A December Saturday with my family of three teens, one early 20s, and an ever-so-helpful husband.
Daughter #2 (L): Mom, when we make our Christmas gifts for friends this year, let’s make sugar cookies. You know, the ones you decorate with icing.
Me: Honey, rolled out cookies with icing are a ton of work.
Her: So what? It’ll be fun and everyone can help.
Me: Sweetheart, I think you’re old enough to hear this. There are two kinds of families in the world: rolled out, decorated cookie families and drop cookie families. We are definitely a drop cookie family.
Her: (Deep dramatic sigh) Oh well, I just wish we were a rolled out cookie family.
With an even deeper more dramatic sigh, I started looking through my recipe box for a rolled sugar cookie recipe. Sure enough, way in the back of the cookie section was a recipe I received years ago from a cookie swap. If memory serves, this was the winning recipe that had put my lowly drop cookies to shame. As I gathered the ingredients, I should have realized that any cookie recipe that calls for 6 cups of flour is a recipe for disaster.
Me: OK, gather round you knuckleheads. Are we all in for the long haul if we make these cookies?
Hubby and Kids: Of course!!! You bake and we’ll decorate.
Many hours and 70 cookies later, I mustered the troops at the dining table laden with six bowls of brightly hued icing, paint brushes, and other assorted decorating tools. Hubby’s suggestion of Christmas music was roundly rejected by the troops, so to the beat of Band of Skulls and Vampire Weekend they enthusiastically began to decorate, while I continued to bake.
When our children were younger they loved The Boxcar Children books. Four plucky orphans alone in the world working harmoniously together to survive. Hubby and I called the rare occasions when all four of our kids were cooperating and playing happily together “Boxcar Kid Moments”. That December afternoon was a Boxcar Kid Moment, if ever there was one.
L: Hey, that bear is great. I wouldn’t have thought to make a University of Texas bear.
Son #2 (W): And I really like your elephant. The face almost looks real.
Daughter #1 (C): Mom, we need more colors of icing.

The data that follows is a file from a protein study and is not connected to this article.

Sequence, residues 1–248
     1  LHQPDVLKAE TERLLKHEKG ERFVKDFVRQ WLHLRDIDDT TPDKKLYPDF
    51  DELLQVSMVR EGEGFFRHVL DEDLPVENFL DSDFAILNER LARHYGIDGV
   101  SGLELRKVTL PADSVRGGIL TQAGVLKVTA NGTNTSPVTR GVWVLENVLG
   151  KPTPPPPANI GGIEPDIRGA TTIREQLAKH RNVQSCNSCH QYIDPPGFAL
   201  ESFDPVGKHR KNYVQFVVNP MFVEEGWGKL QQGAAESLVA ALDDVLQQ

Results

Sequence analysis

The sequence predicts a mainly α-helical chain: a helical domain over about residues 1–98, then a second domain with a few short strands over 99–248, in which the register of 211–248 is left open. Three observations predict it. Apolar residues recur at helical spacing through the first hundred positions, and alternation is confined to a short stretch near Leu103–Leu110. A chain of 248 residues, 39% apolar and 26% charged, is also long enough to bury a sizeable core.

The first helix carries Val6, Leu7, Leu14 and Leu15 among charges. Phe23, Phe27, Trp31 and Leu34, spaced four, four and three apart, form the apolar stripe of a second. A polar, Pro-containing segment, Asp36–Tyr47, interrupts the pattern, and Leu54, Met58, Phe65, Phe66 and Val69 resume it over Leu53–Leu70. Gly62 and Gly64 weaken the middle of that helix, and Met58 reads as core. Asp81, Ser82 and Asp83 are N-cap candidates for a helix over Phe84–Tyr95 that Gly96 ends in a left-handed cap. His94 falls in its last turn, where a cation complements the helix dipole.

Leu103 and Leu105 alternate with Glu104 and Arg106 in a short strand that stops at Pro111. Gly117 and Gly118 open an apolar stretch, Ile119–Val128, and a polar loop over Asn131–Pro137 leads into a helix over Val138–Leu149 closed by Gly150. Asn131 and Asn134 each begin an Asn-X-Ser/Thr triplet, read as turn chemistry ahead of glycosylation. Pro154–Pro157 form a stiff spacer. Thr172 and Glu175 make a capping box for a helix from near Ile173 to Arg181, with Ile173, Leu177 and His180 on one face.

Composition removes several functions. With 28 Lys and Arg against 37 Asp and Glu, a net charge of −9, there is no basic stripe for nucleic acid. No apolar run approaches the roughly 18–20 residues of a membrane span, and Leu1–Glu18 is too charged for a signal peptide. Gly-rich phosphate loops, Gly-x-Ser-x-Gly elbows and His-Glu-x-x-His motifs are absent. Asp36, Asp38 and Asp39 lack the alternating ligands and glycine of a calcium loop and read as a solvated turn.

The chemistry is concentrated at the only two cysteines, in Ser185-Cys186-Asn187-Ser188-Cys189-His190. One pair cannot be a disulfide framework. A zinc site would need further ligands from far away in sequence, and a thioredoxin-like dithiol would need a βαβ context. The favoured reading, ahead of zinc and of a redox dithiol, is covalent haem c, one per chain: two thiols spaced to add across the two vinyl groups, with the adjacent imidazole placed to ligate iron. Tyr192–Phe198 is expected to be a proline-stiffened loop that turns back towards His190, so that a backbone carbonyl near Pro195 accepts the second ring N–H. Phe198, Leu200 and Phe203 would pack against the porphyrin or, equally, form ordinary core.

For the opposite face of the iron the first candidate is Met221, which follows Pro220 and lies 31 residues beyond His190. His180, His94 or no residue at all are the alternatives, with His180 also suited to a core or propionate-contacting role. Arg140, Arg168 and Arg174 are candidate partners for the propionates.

Son #1 (H): Yeah, how can you expect a masterpiece with such a limited palette?
Me: Guys, I’m not expecting a masterpiece; I’m expecting 70+ somewhat adequately decorated cookies that won’t embarrass us.
L: You know, she always underestimates us.
W: It’s amazing we’re all so normal considering we have a mother with that attitude.
Hubby: Honey, I really could use some light blue for the pants on this gingerbread guy. You might want to make a medium light and a very light while you’re at it.
Thirty minutes later, I kid you not, they were all still on their first cookie. Meanwhile, I continued to bake the rest of the dough, adding to the undecorated stack.
Me: Your cookies are amazing, but you might want to speed up just a bit. Why not mass produce a few of the gingerbread boys? One person can paint the background, one person can outline, and someone else can do the clothes.
C: Mom, honestly! You can’t rush art.
W: Yeah, mass production—smash production is what I say.
Me: OK then, think Jackson Pollock, rather than Renoir. Didn’t he just sling paint on the canvas?
H: Yes, but each “sling”, as you call it, took time since each one was an inspired work of genius.
L: Can you make some mauve icing…maybe a couple of different shades. I want to try shadowing.
Forty minutes later, when I left my baking to check on the artistes, I found 15 cookies worthy of the Museum of Modern Art— and a deserted table. Two were in their rooms, one was watching TV, and two were busy on their computers.
Me: (with perhaps just a touch of irritation in my voice) WHAT DO YOU THINK YOU ARE DOING?!?!?
H: Mom, chill. We’re just taking a little break to recharge our creative juices.
Me: NO! There will be no break, and you can just forget about your juices, creative or otherwise. I have been baking all day, and we have 80+ more cookies left to decorate. You will all jolly well get your collective butts back to the table and decorate. And your collective butts will stay at that table until every last one of these d%$# cookies are decorated! Do you hear me??????
As I heard Son #1 exclaim ere they trudged back to the dining table-um-sweatshop: Well, well, well, look who just turned into the Christmas Cookie Nazi.
And the Collective Butts all said: AMEN!
Eventually all 100 cookies were decorated. Although not early adopters, the decorators eventually embraced mass production and Jackson Pollock (sans genius) with gusto.
Turns out I was wrong—there are actually three kinds of families in the world. In addition to the rolled and drop cookie families, there is also the humble “no-bake, mix and dump” kind of family. The Christmas Cookie Nazi and Collective Butts have universally agreed that we are most definitely in that latter group. You can expect to receive Rice Krispies Treats from us next year. Bon Appétit.
I wish you a joy-filled holiday season and a blessing-filled 2011!